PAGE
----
The active compounds in marijuana that are commonly found in the psychoactive market are THC and CBD. Although the latter is best known for its relaxing effects, THC has also been the subject of several scientific researches that have helped determine the psychoactive scopes of this cannabinoid.
Delta 8 is a psychoactive substance found in the Cannabis sativa plant, of which marijuana and hemp are two varieties. Delta 8 THC is one of more than 100 cannabinoids produced naturally by the cannabis plant, but is not found in significant amounts in the cannabis plant. Therefore, concentrated amounts of delta 8 THC are usually made from hemp-derived cannabidiol (CBD).
According to laboratory tests, there are two types of tetrahydrocannabinol (THC): delta 8 and delta 9. The difference between these two molecules is subtle, but has a major impact on the overall effects. Delta 8 has similar psychoactive effects to delta 9 without producing some of the negative effects, such as anxiety or paranoia. For that reason many people opt to buy delta 8 THC Austin, to get its benefits without the harmful effects of cannabinoids.
Although both molecules share a similar structure, the minimal but important difference lies in the location of a carbon chain. Although it may seem insignificant, this creates different effects when the psychoactive is processed. The delta 8 molecule has a longer shelf life than delta 9. Over time, part of the latter is converted into the former, while the rest is broken down into another cannabinoid called CBN. It is very important to emphasize that CBN is not psychoactive and is not the same as CBD.
HOW DOES THC INTERACT WITH THE HUMAN BODY?
When we consume cannabis, compounds from the plant enter our bloodstream and are distributed throughout the body, where they interact with the cannabinoid receptors CB1 and CB2.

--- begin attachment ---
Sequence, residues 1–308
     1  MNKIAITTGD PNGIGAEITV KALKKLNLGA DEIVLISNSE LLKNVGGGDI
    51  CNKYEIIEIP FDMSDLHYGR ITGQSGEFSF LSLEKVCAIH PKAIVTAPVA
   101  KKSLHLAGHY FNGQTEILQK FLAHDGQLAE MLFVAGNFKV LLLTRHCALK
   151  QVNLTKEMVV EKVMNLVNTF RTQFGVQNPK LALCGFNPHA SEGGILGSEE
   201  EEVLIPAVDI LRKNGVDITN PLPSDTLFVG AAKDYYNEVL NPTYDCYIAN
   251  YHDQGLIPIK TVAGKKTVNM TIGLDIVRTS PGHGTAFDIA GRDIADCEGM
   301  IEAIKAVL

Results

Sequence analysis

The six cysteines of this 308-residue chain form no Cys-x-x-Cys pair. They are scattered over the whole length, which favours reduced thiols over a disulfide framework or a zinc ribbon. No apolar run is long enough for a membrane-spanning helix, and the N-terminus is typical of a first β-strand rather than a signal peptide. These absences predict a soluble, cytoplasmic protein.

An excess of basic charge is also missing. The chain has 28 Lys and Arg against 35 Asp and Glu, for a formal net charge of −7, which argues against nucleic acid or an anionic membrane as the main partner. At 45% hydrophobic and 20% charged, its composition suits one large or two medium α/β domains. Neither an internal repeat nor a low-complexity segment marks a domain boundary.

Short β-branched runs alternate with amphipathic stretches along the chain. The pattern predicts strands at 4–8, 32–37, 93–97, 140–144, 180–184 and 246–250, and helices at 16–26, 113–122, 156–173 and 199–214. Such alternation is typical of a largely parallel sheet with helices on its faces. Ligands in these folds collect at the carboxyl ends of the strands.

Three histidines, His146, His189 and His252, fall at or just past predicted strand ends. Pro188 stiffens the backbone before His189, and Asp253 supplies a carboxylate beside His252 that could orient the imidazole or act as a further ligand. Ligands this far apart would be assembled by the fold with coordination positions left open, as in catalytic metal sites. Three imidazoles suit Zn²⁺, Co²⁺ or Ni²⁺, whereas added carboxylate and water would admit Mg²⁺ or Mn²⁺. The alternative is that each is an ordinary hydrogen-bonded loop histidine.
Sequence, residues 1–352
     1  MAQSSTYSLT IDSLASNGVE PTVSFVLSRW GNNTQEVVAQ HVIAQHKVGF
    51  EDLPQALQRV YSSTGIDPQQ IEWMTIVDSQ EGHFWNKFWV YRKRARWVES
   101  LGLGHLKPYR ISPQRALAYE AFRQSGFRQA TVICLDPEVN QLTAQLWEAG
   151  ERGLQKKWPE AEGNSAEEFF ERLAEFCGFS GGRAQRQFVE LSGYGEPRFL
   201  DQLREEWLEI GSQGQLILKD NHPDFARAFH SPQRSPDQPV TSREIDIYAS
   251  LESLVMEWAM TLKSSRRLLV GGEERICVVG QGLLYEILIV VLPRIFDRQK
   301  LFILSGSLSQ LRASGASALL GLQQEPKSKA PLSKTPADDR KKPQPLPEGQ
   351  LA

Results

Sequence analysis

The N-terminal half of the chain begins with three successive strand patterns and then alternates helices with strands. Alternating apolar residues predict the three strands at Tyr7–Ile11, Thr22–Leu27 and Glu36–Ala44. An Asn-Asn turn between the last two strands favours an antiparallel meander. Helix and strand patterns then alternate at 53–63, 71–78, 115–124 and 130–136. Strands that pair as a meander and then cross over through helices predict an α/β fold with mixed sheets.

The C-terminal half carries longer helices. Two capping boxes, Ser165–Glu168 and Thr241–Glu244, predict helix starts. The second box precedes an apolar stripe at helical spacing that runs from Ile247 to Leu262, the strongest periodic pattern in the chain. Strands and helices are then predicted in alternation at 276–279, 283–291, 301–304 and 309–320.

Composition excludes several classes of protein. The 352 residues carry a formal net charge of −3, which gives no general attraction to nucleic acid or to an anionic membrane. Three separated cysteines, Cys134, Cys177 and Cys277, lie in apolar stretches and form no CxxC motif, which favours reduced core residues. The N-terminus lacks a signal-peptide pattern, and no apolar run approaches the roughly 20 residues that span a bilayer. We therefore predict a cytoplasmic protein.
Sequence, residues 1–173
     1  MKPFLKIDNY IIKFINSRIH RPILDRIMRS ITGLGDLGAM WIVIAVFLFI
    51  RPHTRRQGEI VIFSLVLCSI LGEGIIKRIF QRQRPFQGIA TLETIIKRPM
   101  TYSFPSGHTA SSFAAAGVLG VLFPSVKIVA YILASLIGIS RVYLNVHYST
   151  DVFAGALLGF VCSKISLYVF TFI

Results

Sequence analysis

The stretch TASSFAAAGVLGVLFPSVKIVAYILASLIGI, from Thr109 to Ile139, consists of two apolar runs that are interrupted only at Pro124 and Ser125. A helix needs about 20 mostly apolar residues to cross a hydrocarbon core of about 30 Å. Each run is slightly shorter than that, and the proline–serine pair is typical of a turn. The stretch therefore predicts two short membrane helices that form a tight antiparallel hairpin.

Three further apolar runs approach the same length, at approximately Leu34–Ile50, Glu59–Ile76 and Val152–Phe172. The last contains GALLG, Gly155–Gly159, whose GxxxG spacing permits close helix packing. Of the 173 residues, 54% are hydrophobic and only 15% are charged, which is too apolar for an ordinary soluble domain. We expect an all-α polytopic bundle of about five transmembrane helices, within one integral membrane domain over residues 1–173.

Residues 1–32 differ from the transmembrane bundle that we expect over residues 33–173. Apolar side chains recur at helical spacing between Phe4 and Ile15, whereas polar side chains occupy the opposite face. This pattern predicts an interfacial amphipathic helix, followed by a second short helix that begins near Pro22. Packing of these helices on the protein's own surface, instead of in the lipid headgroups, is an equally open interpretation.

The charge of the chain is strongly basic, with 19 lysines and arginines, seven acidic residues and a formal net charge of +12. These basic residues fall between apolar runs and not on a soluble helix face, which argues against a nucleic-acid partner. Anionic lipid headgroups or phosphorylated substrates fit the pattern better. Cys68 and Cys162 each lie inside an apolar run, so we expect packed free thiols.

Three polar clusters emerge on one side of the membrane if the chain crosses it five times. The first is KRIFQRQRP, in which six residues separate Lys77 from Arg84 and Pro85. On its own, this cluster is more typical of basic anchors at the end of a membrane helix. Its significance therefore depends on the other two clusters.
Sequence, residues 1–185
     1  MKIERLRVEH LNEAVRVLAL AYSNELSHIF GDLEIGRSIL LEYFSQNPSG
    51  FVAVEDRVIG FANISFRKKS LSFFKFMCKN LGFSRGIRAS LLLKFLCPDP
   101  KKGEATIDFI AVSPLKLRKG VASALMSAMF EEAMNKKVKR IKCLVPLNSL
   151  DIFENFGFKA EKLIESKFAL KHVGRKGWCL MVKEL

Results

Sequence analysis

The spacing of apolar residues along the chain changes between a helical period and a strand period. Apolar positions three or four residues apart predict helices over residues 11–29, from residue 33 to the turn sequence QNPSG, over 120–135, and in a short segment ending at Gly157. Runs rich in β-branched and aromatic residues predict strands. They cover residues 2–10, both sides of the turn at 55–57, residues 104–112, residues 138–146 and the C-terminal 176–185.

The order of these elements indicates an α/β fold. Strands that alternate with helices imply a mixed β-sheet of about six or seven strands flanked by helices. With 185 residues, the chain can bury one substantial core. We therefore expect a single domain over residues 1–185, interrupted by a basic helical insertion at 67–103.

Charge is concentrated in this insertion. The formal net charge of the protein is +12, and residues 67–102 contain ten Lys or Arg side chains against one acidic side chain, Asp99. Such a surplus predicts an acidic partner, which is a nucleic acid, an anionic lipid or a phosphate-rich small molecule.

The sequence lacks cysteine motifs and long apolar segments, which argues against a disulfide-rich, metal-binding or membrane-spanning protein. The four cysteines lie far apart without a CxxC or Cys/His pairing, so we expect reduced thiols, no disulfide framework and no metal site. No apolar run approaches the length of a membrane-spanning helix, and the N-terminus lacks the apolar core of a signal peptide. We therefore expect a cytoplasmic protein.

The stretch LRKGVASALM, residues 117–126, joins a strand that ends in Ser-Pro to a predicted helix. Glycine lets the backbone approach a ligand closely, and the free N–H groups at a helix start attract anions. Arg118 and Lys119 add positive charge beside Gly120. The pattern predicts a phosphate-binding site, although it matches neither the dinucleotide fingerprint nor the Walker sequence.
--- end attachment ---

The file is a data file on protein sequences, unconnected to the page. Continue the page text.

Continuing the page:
These receptors are found throughout the body: in the brain, spine, lungs, kidneys, gastrointestinal, immune and central nervous systems.
These receptors are part of the endocannabinoid system (ECS), which is involved in the regulation of numerous physiological processes, such as appetite, pain management, mood and memory.
Our body produces its own cannabinoids, anandamide and 2-arachidonoylglycerol (2-AG), which interact with the body’s CB1 and CB2 receptors.
Anandamide, for example, is produced after exercise and may be responsible for the feeling of euphoria and low sensitivity to pain that many people experience after exercise (colloquially speaking it is called «runner’s high»).
Like anandamide and 2-AG, THC and other cannabinoids interact with the body’s cannabis receptors and induce different effects associated with marijuana use. The lock and key analogy is often used, where the body’s receptors are the locks and the chemicals in cannabis (or produced by our endocannabinoid system) are the key.
Much of the research responsible for the discovery of the human and other mammalian endocannabinoid system is due to Dr. Raphael Mechoulam, an organic chemist and professor at the Hebrew University of Jerusalem in Israel.
WHAT ARE THE EFFECTS OF THC?
When THC interacts with the cannabinoid receptors in our body, it induces a whole range of effects, both short and long term.